–On how commentators affect our perception of fights, and how “moving forward” and “Octagon control” are empty criteria for scoring fights.

Words of War
–On how the Conor McGregor-Khabib Nurmagomedov beef exceeded the ordinary ugliness of promotional trash talk.

It Is What It Is, and It Is Beautiful
–On how the ugliness of the sport can sometimes be equalled by the beauty to which it is capable of ascending.

13 Ways of Looking at Fighting In One Week
–Probably my favorite column of the year, where I take a page from Wallace Stevens to look at how ridiculous MMA is.

MMA’s End Game
–On the complicated nature of deciding when to end a career.

Following Fear
–On the role of fear in fighting, and how it fuels some and leads others to self-destruct.

Cutting Losses By Cutting Winners
–On the contradictory messages the UFC sends to fighters about winning.

Why Do We Interview Fighters?
–On why most fighter interviews are pointless.

Cub Swanson and the Moment He Needed
–On how Cub Swanson, who was often on the losing end of other fighters’ big career moments, finally had a big moment of his own.

If you enjoyed this, I did the same thing the last few years.
Some Things I Wrote in 2018
Some Things I Wrote in 2017
Some Things I Wrote in 2016

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Some Things I Wrote in 2018

So there were like, at least three years crammed into 2018, right? Remember the winter Olympics? Or when Black Panther was in theaters? Those happened this year. I know. Though 2018 seemed indifferent to the linearity of time, here we are at another end of the calendar. The future arrives with or without our consent, and sometimes, without our conscious awareness.

I can’t lie; this was an up-and-down year of writing for me. I wrote a lot more than I have in recent years, though a lot of what I wrote never ended up anywhere. I published in a couple of cool new places, but also had a story accepted by one of my favorite publications only to be killed a week later. (Said publication still paid me a kill fee, which was nice of them).

Perhaps most importantly, I made the conscious decision to focus on nonfiction moving forward, as it became unavoidably obvious that my fiction just isn’t very good. That alone was a tough realization to come to, but a liberating one as well. Like I said: mixed bag, this year.

Still, I consider myself lucky that people spend any of their finite time on Earth reading my work, and I try to keep that in mind through the ups and downs. Here are 15 (!) things I wrote this year that I’m most proud of, for one reason or another:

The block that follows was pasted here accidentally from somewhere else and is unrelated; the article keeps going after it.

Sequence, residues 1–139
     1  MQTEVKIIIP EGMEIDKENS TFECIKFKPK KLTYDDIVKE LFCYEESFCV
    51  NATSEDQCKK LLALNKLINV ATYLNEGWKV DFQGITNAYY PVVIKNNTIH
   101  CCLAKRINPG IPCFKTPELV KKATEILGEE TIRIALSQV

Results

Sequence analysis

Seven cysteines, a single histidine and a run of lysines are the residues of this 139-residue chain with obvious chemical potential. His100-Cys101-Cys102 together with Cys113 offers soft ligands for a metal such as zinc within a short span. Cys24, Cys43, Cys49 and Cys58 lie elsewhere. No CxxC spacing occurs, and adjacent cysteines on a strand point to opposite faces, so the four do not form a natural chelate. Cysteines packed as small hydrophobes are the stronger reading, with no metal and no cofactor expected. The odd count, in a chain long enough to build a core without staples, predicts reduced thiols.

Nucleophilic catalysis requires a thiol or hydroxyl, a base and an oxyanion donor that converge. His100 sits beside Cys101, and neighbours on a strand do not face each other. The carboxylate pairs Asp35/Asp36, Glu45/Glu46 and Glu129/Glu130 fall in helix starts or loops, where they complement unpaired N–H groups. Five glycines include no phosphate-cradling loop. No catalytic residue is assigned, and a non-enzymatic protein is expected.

North Korea’s Olympic Delegation to South Korea is a Huge Deal
Vice Sports, January

In the run-up to the Pyeongchang Olympics, I talked to a North Korean escapee about what it meant to see the country of his birth compete in his new country of residence. In an offhand comment, he mentioned that while he served in the North Korean army, his superiors told him the 1988 Seoul Olympics actually happened in Tokyo. In 2018, the Kim regime publicly sent athletes and high-level diplomats to the Games. A lot can change in 30 years.

The Main Event
Left Hooks Magazine, January

I went to a regional MMA promotion in Seoul, and the fights became a meditation on my life as an expat. The action in the cage mirrored the oddities and challenges of being a foreigner abroad. The full version of this essay was also published in the 40th anniversary issue of Bamboo Ridge literary journal. I read a few passages from it at the book launch.

Lessons from the Hawaii Missile Crisis
Summit Magazine, January

Usually, living in Seoul means that people back home are worried about me whenever North Korean threats become especially bombastic. But earlier this year the roles reversed, as my friends and family back home spent 38 minutes believing a ballistic missile was inbound. The episode was cause for reflection. For 38 minutes, Americans felt what it’s always like to live in either of the Koreas. 

The Cathartic Zen of the Cowboy
Sherdog, February

Donald “Cowboy” Cerrone is one of the most interesting and enigmatic personalities in all of combat sports. I explored just what it is about him that makes him such an endearing figure. Beyond being a busy and exciting fighter, his yawning sense of ambition and desire to spend his life joyfully is particularly resonant with fans. 

More Than A Fight
Sherdog, March

Ever since Colin Kaepernick made people mad by saying police shouldn’t murder black kids, the “stick to sports” sentiment has come back into fashion. The phrase is silly and self-defeating; sports and politics are inseparable. I look at how money is used to corrupt in MMA, focusing on Chechen warlord Ramzan Kadyrov. The final sentence is one of my favorite closing lines I wrote this year.